2.  If we don’t introduce it in all countries at the same time, it will put those that do at a commercial disadvantage, and lead to a mass flight of financial institutions.

rbsMy response: Ideally an FTT would be applied globally by all countries.  But while this is being negotiated at the G20 and elsewhere, there is nothing to stop governments taking steps, either as a group of like-minded countries, or unilaterally.

And here’s what for me is the killer counter-argument to this objection. A range of domestic FTTs imposed by different countries already exist! They show that unilateral action is completely possible, and that fears that introducing a tax makes firms go elsewhere are overblown:

– UK: a 0.5% Stamp Duty on share transactions raises more than £3.2 billion each year
– US: a small transaction tax finances the Securities and Exchange Commission
– Belgium: An FTT on the transfer of shares, bonds and other securities. At a rate of 0.5-1.7 % it raised Euro 147 million in 2005.

So if the UK investment houses are willing to stomach a 0.5% tax on share transactions, are they really going to flee these shores over a tax 10 or even 100 (in the case of currency transactions) smaller? Unlikely.

There are a number of other points that get picked up with less regularity: there are other taxes like a wealth tax that are even better (see my previous response); an FTT wouldn’t necessarily curb volatility (I have some sympathy with that one); we should go with an expansion of President Obama’s levy on banks instead (as well, maybe, but not instead – you won’t see much cash for climate change or development out of a bank levy).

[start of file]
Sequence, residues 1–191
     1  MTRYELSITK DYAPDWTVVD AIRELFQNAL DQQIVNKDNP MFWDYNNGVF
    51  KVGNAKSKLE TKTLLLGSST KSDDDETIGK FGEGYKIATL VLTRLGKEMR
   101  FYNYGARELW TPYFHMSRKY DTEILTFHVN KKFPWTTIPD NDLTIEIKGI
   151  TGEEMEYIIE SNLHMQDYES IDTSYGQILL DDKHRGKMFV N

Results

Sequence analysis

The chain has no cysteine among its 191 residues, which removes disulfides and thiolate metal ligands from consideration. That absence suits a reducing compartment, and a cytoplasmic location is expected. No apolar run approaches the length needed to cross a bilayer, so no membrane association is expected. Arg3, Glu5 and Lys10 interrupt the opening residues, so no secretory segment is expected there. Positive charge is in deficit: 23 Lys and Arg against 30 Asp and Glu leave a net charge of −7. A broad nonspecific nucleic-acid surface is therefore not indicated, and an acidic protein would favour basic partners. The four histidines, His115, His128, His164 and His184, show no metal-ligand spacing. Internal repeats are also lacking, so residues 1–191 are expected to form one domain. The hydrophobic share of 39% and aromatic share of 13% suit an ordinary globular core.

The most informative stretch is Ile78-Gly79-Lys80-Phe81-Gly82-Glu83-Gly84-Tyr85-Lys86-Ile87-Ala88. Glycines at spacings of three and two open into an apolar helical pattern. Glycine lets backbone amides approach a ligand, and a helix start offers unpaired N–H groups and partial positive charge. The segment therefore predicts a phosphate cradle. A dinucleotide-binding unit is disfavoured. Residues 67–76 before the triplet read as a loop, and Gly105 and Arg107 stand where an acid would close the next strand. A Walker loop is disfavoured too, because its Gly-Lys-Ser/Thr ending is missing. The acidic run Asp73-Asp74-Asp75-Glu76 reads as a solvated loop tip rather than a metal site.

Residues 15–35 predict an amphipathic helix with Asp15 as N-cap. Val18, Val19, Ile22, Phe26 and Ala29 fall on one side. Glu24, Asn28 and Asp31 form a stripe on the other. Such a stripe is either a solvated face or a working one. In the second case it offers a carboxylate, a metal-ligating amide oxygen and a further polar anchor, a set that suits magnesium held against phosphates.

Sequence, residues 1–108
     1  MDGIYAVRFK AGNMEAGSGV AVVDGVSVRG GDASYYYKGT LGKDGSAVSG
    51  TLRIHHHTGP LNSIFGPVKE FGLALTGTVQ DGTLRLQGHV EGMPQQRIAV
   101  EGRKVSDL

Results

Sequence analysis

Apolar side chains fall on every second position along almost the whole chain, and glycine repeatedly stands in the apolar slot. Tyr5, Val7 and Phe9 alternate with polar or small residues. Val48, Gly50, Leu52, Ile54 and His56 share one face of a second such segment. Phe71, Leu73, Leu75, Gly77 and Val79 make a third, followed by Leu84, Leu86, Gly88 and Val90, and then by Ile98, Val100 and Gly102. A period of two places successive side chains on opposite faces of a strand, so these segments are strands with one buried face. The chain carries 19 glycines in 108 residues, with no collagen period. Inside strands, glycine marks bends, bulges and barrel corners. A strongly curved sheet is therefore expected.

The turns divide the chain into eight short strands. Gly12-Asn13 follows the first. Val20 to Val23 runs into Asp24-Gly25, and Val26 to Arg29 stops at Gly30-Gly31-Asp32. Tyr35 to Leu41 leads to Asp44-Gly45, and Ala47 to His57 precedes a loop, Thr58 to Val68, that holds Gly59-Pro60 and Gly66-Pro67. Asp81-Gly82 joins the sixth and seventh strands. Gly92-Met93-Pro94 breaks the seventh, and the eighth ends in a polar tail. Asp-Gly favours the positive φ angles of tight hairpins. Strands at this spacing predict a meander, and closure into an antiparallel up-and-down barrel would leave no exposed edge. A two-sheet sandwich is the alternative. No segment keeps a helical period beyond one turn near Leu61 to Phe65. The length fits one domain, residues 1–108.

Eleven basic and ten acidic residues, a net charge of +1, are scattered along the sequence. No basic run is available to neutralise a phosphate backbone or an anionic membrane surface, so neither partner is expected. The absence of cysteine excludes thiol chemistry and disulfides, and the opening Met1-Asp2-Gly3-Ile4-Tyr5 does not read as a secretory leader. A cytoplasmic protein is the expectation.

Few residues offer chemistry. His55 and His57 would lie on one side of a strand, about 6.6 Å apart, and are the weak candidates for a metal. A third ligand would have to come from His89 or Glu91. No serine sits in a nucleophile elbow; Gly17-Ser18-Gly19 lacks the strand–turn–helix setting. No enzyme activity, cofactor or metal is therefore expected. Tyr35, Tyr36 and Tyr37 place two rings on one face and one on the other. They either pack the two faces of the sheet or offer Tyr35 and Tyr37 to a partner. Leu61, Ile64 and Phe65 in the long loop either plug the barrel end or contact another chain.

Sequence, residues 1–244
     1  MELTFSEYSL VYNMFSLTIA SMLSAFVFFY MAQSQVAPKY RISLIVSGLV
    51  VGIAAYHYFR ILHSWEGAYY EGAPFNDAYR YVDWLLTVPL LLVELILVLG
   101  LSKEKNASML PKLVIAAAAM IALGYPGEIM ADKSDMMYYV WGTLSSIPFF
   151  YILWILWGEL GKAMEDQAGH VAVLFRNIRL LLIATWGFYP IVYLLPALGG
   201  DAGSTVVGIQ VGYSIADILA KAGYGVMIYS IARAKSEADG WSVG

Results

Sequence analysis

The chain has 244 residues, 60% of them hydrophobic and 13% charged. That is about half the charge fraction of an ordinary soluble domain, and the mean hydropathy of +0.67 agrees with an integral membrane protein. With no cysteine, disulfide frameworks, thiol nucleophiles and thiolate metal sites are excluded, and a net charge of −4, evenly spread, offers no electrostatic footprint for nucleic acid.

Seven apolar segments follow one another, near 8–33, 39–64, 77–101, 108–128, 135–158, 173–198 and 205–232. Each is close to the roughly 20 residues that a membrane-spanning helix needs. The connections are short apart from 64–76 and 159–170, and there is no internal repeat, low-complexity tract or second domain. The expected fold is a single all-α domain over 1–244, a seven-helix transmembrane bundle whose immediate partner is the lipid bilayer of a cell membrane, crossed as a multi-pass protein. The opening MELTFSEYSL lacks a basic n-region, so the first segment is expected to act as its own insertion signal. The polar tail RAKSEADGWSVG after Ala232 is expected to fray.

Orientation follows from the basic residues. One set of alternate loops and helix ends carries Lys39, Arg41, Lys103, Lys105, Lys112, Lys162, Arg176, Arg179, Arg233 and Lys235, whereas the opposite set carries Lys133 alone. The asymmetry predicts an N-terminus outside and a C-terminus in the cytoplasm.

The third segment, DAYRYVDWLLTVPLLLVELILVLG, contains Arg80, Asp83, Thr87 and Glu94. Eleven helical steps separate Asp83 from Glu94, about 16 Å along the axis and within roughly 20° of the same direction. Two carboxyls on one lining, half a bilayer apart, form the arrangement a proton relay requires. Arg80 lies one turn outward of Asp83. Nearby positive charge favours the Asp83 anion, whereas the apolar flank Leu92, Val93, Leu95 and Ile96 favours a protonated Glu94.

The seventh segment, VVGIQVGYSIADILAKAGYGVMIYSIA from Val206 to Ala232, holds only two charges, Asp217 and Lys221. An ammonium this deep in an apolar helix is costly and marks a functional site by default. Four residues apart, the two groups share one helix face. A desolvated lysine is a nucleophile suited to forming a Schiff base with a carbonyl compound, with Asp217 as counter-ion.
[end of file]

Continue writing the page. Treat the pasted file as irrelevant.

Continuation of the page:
And the question that’s been nagging at me for weeks finally surfaced at the parliamentary launch last week. Suppose an FTT were to be be introduced – what guarantee would there be that the revenue would not all go straight to filling fiscal holes in the North, rather than half of it going to climate change and development, as proposed? Two responses: firstly, moral suasion – governments would need pretty thick skins to raid the money destined for development. But thick skins go with the job description, so we also need to think through the mechanics of how the tax would be levied, and see if there is a stage before it reaches the hands of finance ministries, where it could be channeled into arms-length escrow-type accounts that would then distribute it in pre-agreed proportions.